Which phrase do you tend to use when talking about being pregnant? Would you say you are pregnant, you fell pregnant, you are expecting – perhaps “We’re expecting?”
There are also those other, errr, not-so-complimentary phrases used here in the UK such as “bun in the oven”, “up the duff”, “knocked up” to name but a few.
And at MFM HQ today we were intrigued to read an article on the Babycenter website which pulls together how people say they are pregnant in different languages and different countries around the world.
In France they do say “fall pregnant” (tomber enciente) as we do in the UK. But they also say “se retrouver enciente” – which translates as finding yourself pregnant.
The Germans use the word “shwanger”, which a few of us may relate to, as it derives from Middle High German meaning heavy or even clumsy. No need to point it out though, right? ?
Perhaps because of a sense of modesty Indian women generally don’t say they’re pregnant but tend to say instead “I’m going to be a mother'” or “There’s some good news”.
In both North and South India a woman may express her pregnancy through the fact she’s craving certain foods or spices. For example, she may say “I’m craving tamarind”.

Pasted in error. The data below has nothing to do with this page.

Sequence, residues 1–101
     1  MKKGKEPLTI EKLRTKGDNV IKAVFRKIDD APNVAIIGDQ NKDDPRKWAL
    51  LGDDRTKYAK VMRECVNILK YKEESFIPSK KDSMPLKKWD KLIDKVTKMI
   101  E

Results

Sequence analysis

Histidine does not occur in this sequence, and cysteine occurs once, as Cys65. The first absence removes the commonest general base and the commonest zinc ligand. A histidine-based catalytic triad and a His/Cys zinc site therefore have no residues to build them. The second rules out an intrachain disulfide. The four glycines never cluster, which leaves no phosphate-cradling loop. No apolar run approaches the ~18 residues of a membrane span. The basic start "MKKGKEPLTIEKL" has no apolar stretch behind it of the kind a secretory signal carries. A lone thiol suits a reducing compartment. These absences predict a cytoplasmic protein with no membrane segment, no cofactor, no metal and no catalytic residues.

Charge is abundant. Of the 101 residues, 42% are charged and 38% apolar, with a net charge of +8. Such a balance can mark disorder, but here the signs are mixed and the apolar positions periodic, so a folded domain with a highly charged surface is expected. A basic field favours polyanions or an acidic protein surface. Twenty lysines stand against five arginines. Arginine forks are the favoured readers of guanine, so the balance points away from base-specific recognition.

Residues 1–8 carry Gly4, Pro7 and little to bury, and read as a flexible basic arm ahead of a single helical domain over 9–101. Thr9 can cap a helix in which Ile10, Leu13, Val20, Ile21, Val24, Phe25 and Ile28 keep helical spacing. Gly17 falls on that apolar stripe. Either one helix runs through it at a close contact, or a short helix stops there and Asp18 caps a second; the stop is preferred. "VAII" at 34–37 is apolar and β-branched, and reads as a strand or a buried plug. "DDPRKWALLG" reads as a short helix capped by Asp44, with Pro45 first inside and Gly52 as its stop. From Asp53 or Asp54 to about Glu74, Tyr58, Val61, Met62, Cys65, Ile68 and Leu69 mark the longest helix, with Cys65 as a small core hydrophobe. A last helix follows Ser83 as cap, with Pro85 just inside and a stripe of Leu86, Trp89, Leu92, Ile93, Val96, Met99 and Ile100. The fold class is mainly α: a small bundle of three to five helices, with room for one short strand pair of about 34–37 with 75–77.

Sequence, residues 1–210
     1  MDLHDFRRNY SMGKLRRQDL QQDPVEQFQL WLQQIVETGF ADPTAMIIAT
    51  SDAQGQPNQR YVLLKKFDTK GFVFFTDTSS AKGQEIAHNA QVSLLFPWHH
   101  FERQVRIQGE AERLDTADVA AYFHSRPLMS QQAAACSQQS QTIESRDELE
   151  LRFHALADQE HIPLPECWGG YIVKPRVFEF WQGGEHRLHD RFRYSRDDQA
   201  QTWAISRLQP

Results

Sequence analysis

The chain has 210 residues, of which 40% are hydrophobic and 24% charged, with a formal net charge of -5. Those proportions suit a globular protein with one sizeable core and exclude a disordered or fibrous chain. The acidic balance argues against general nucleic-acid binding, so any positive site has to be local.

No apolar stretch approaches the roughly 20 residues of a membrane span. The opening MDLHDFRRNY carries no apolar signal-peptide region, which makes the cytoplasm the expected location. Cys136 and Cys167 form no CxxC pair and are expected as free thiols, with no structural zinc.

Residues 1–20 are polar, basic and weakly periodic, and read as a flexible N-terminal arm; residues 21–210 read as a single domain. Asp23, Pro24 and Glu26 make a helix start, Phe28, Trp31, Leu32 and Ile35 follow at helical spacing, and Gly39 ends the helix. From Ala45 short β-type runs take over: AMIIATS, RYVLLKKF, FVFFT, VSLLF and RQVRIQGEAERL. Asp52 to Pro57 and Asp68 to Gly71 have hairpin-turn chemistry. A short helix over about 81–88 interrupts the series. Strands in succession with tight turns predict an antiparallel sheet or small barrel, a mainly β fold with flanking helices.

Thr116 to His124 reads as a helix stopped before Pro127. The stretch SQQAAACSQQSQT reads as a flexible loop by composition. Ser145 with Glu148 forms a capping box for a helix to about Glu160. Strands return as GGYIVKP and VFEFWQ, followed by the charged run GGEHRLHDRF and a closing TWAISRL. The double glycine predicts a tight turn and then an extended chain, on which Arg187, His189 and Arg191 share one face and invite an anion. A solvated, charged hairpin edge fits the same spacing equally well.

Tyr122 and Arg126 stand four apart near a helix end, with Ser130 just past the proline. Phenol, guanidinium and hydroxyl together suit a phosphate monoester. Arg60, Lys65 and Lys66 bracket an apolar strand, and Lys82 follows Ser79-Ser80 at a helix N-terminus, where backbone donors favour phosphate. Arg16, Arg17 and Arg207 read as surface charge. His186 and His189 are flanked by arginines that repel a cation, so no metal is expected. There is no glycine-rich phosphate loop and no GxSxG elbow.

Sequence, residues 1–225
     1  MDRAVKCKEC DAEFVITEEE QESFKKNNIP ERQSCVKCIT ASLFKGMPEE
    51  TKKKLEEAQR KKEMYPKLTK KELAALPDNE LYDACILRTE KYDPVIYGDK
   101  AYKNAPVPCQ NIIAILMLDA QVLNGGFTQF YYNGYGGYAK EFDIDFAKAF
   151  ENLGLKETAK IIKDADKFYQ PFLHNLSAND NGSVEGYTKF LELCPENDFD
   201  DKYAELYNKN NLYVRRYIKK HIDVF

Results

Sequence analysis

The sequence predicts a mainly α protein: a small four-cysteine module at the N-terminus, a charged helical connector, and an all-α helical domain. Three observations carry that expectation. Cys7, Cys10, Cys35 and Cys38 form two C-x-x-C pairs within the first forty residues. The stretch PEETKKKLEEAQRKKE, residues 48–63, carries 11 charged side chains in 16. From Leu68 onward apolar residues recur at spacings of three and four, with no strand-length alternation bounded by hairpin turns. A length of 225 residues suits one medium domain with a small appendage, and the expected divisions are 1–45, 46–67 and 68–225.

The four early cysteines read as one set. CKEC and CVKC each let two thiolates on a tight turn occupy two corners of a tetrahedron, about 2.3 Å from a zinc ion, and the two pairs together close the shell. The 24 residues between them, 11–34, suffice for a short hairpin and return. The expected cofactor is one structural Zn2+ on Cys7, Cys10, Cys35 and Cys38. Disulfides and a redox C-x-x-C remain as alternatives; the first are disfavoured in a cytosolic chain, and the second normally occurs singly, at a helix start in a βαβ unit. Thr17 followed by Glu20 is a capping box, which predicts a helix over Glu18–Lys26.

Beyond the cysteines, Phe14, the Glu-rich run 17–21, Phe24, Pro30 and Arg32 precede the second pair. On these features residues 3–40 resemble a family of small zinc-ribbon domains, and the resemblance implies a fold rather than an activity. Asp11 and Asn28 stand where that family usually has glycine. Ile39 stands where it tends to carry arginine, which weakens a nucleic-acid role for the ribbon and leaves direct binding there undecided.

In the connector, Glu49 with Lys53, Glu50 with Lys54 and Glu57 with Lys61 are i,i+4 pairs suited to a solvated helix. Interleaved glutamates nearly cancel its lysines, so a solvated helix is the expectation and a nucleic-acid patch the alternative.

And in the South a woman might say “I have not been bathing”. This comes from the fact that a woman is expected to bathe more when on her period. So if she isn’t bathing, it means her periods have stopped.
Here the phrase to be pregnant translates as “carrying a burden”. The slang if you got pregnant by accident is “flew in”.
The Spanish term “estoy encinta” comes from the Latin word “incincta” – which means “without girding”. It’s thought that in the past, a woman would ditch her girdles when she got pregnant so as not to restrict the growth of her unborn baby.
Fascinating stuff ?
What do you think?
Which these terms do you like – and which would you avoid? Is there one you or your family and friends use that’s not mentioned here?
Tell us in the comments below or over on Facebook – we’d love to know!